Here's what they haven't said:

We know the system is corrupt, and we're sorry for our conduct. We'll fix it. We know that we've followed the instructions of our all powerful corporate masters and special interest lobbies, and sold out the people who've elected us, and we're sorry. We know that we shouldn't let lobbyists actually write the laws and regulations that they've bought and paid for with corporate and special interest money. And we're sorry. We know we've ignored the national interest and scoffed indifferently at the middle class and working men and women who no longer have any representation in our government. We're sorry. But here's what one congressman did say: According to The Associated Press, Rep. Ralph Regula, R-Ohio, said, "I wish it hadn't happened because it's not going to help us keep our majority."

That's at least straightforward, raw political talk. In that respect, Regula gets some credit for not doing what most of his colleagues are doing: feigning some slight concern for the plight of the average American in the face of politically dominant corporate interests and unchecked social, special interest lobbies.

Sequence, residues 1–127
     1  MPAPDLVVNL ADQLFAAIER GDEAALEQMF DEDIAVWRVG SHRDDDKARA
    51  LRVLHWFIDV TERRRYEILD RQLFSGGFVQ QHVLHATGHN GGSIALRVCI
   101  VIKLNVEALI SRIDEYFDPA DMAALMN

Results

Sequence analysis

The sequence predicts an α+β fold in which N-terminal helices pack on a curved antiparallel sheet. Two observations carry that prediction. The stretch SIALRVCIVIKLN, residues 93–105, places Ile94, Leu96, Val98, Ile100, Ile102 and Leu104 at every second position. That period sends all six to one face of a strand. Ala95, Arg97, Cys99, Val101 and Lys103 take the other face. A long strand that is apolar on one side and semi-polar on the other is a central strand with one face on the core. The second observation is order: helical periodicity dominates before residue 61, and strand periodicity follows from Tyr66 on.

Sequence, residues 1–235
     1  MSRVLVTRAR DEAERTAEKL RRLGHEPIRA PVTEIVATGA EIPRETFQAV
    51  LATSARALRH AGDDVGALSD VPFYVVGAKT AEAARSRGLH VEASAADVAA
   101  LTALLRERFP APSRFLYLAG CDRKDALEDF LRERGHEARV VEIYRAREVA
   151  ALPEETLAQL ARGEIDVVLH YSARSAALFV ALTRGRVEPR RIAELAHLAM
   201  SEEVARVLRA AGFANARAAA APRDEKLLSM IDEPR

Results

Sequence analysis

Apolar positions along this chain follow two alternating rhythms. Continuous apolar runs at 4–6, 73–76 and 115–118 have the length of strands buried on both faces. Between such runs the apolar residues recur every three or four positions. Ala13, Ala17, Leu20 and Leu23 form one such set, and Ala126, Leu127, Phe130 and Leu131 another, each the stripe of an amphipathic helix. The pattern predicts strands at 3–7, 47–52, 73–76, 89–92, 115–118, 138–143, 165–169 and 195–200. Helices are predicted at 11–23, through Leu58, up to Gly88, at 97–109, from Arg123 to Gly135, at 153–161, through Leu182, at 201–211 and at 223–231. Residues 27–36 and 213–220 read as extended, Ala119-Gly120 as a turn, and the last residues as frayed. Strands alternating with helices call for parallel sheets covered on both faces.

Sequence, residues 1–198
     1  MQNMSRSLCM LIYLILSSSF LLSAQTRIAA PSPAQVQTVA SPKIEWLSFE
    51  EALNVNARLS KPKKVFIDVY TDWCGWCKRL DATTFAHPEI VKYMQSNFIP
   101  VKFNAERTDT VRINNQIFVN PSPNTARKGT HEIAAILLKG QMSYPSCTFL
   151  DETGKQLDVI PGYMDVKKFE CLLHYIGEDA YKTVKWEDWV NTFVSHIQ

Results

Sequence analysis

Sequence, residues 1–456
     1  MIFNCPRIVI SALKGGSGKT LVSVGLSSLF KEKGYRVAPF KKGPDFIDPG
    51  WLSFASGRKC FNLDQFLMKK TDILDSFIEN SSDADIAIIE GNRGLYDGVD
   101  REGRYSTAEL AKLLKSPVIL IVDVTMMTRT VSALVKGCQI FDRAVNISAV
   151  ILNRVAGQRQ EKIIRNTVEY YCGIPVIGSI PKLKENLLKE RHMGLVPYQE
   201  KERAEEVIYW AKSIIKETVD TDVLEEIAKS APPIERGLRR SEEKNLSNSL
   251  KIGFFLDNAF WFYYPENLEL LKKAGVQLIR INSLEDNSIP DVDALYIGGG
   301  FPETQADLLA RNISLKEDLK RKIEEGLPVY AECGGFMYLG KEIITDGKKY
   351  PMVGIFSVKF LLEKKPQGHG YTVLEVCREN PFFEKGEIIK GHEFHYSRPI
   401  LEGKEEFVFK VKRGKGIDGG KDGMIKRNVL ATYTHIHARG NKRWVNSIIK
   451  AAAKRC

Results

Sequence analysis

Working men and women no longer have a say in the Best Government Money Can Buy, while facing stagnant wages, job insecurity and declining test scores for their kids.

So here's my wish, congressman. I wish that Abramoff had been the only lobbyist in Washington, but he wasn't. There are 14,000 lobbyists swarming over government officials in Washington.

Now, I hope we find out exactly what that other $2 billion a year in lobbying money has bought. And, ultimately, exactly who that money has bought.

Godot 8 years, 9 months ago

Regarding the strike, make it that those who earn $250,000 or more refuse to pay taxes. Then see what happens to those who earn $30,000.

just_another_bozo_on_this_bus 8 years, 9 months ago

I guess that would prove that the under $30,000 folks, who make the good life possible for the over $250,000 folks, need to get raises so that they don't have to rely on handouts from the govt., courtesy of the rich folks.

just_another_bozo_on_this_bus 8 years, 9 months ago

Of course, if the richer upper echelons want a tax cut, they can get one anytime they want it. All they have to do is pay their workers more money, and they get a business deduction for the amount of that increase. Voila, lower taxes, and the worker then gets to (happily) pay increased taxes instead. It's a win-win situation.

cowgomoo 8 years, 9 months ago

Posted by rightthinker (anonymous) on March 23, 2006 at 1:58 p.m. (Suggest removal)

Trust me on this--- $250k may sound big, but it isn't.

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Trust me on this----$250K a year in earnings IS big money.